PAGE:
Who Is To Blame?

In this week’s Question Time, Farage and Brand squared off, each making it clear whom they thought was to blame for the nation’s woes. Like the broken record he is, Farage blamed immigration for every conceivable ill that might have befallen Middle England. Brand, on the other hand, blamed the politicians for letting the rich stash away large amounts of cash whilst the poor live hand-to-mouth.

Who is really to blame? In such a complex society as ours, are we really able to single out one group and place all the blame upon them? It’s easy to see that Farage’s rhetoric is hollow – he is scapegoating a minority to further his career as a populist right-winger.  But does Brand really mean to say that the political classes are the only ones to blame, and that no-one else could change our ailing society?

That is the self-fulfilling prophecy at the roots of our corrupt modern politics – if we all believe strongly enough that there is nothing we can do, and that everything is the fault of ‘the bankers’ or ‘the politicians’, then it becomes a reality. If we allow it, then our political establishment will run away with itself, unchecked, unjust, and unstoppable.

The people never give up their liberties but under some delusion.

All that is necessary for the triumph of evil is that good men do nothing.

When bad men combine, the good must associate; else they will fall one by one, an unpitied sacrifice in a contemptible struggle.

These remarks from the very quotable Edmund Burke are all you should need to convince yourself that there is another way. Our society has been through so many changes, moving from feudalism all the way to universal suffrage. It is in our genes, in our very lifeblood to be the ‘good’ of which Burke speaks. It is for us to rail against any system which deprives individuals of their rights and liberties.

To do otherwise would be to accept a share of the blame.

So, dear reader, I put it to you: do not seek simply to blame others for what is happening to our society. Do not fall into the illusion that politics is for other people, and that you might merely watch from the sidelines. Stand for what you believe in, or else share the blame for its failure.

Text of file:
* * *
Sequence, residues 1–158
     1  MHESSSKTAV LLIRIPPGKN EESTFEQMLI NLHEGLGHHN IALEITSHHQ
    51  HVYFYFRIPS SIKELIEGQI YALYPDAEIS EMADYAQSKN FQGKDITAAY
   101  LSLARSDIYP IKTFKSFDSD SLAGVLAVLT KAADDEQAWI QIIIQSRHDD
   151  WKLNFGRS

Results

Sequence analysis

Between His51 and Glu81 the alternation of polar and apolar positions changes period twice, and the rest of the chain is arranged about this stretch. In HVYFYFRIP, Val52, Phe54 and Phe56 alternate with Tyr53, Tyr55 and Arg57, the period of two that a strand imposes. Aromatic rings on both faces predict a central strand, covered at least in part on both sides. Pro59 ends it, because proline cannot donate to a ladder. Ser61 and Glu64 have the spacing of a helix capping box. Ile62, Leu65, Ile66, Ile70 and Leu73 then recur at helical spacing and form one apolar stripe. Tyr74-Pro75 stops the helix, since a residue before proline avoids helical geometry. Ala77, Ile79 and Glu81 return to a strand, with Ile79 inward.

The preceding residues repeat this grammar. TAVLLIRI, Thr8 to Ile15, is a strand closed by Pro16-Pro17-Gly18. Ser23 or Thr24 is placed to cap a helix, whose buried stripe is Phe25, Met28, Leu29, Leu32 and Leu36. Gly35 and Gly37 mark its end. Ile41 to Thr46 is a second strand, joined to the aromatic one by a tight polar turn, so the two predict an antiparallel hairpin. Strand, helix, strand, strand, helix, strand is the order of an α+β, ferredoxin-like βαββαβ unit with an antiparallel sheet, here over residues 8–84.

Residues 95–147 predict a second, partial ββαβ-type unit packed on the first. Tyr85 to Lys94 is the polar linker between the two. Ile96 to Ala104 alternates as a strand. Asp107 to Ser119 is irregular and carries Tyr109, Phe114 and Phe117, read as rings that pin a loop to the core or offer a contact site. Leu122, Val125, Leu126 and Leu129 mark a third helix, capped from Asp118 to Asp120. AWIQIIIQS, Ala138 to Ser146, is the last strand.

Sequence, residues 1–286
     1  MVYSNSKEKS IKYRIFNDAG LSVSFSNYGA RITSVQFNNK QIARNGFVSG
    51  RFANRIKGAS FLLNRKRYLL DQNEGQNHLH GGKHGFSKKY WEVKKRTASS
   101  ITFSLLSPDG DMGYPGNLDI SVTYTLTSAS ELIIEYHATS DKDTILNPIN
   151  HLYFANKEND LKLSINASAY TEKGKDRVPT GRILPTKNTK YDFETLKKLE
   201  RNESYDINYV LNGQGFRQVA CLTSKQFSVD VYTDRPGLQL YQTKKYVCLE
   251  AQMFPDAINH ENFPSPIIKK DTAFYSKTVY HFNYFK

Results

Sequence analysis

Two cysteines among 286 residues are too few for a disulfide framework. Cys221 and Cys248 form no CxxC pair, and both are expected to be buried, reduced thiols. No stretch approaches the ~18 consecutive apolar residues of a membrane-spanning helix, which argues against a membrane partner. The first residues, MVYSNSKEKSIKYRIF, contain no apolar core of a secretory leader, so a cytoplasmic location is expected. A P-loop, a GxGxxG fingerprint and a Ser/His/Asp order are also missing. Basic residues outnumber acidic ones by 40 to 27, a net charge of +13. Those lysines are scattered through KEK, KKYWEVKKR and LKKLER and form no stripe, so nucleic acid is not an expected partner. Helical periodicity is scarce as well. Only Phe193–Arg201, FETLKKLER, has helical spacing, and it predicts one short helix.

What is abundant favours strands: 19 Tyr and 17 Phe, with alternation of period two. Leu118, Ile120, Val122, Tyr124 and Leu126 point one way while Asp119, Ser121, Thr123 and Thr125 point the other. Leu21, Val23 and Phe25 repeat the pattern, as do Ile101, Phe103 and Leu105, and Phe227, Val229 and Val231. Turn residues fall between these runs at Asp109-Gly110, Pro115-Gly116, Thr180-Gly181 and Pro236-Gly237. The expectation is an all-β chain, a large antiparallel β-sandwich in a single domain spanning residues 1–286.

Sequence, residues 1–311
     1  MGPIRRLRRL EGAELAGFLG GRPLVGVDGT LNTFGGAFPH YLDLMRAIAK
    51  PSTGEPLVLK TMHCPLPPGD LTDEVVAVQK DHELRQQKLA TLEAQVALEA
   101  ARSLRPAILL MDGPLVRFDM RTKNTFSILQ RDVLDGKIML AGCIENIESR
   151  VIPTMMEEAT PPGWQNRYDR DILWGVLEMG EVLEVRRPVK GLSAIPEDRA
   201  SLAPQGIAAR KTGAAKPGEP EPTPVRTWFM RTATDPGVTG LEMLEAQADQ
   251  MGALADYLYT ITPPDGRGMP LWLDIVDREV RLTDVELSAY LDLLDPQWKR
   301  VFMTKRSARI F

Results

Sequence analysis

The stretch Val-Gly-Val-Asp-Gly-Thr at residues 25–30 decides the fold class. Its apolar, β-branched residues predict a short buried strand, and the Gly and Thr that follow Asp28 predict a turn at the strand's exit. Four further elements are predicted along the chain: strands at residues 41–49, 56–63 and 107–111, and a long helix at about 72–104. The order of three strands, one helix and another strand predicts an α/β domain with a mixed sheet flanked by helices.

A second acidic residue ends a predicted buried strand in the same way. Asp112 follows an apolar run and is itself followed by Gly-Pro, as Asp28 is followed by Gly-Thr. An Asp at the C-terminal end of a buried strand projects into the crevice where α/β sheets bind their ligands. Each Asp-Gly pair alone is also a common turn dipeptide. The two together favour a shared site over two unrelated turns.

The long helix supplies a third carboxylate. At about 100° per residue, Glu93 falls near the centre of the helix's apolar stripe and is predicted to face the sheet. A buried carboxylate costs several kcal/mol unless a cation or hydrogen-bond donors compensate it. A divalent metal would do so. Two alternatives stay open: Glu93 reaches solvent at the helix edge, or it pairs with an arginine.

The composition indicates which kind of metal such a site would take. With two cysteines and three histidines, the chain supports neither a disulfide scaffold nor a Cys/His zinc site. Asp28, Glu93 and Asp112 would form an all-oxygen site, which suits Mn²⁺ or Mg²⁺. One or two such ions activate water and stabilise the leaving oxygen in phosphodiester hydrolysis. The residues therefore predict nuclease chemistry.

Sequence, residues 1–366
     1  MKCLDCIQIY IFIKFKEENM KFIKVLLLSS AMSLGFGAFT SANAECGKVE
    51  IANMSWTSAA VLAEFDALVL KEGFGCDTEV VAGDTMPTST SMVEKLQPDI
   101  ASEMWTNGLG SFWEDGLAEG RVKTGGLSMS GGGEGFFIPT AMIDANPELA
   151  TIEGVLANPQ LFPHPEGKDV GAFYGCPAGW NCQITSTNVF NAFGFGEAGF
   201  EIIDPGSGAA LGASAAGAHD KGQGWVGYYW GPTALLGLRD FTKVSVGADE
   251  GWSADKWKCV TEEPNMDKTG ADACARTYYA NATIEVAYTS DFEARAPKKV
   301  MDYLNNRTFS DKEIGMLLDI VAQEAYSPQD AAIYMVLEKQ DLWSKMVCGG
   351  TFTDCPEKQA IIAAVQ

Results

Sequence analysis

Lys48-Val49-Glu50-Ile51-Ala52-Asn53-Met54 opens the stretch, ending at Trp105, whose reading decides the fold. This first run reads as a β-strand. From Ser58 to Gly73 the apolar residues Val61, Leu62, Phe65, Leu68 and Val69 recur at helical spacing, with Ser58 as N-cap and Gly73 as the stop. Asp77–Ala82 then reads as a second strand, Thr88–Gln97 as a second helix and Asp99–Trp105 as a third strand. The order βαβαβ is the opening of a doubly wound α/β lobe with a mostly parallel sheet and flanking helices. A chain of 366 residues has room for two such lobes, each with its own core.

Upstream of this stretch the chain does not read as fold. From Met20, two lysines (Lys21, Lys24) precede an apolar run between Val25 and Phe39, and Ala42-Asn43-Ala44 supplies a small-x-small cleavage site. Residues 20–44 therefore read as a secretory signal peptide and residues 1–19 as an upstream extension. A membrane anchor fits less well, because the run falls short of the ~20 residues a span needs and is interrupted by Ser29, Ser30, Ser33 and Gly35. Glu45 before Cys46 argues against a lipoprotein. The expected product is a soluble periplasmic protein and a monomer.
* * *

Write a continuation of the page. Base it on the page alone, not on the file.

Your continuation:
4 thoughts on “Who Is To Blame?”

  1. Yep. The electorate are to blame – by allowing the professionals and the parties to do the job of politics for them….

    Those professional politicians who can be bought will continue to be bought, party apparatchiks will continue to put party before the public – and the cosy little Westminster Village will continue to play their own little ego-driven, tit-for-tat power games, divorced from real people’s lives UNLESS people are prepared to mobilise behind locally-based, independent MPs. . UKIP for all their ghastliness, have proved that the established parties have feet of clay IF the electorate are prepared to get off their backsides and work at it. This is why Brand is so wrong about divorcing form the system we have. The system works – but ONLY if people are prepared to put in the work, mobilise and act within it.. If not, and we leave the self-serving or dogma-driven parties to do the job for us, we will continue to get the governments we deserve – and will have no-one to blame but ourselves…….

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  2. It suits the system as it stands to see Brand and Farage as equivalent outliers, leaving sensible folk to run the country through the “sensible” means of Labour, Tory and LibDem parties. Far from it.
    Russell Brand is acting as an amplifier for some very important truths that rarely make it through the filter of the mainstream media, about a very real and alarming rolling back of power from the majority to a tiny minority. Not just to the comfortably off, or even to the minor millionaires, but to the billionaires and huge corporations who want the world run for their benefit and who place no value on democracy, humanity at large or even the long-term survival of our planet.
    Drawing attention to the actions and successes of this minority is not scapegoating them or avoiding group responsibility. Share power equally among us and we are all equally responsible when thing goes wrong. Hoard power in the boardrooms and conclaves of the wealthy and when things go wrong, expect to answer for it.
    Check out Brand’s focus on the NHS https://www.youtube.com/watch?v=Gs4Few3CbIw that has gained more the 150,000 views in four days and see if he is focusing only on “the political classes”. He is saying that the “the political classes” are the paid lackeys of big business rather than our servants, effecting our will, as they should be.

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  3. Does it matter who is to blame?
    The blame game (aka the House of Commons) is what got us into this mess, it is time we moved away from that.
    The question we need to ask is: “how do we fix it?”
    Is it not time for a little bit of joined up thinking on a global scale?
    If *ankers are the problem, it is not just our *ankers, it is the whole global economic system.
    If immigration is a problem, it is not because our country is so far ahead, but because theirs is so far behind.

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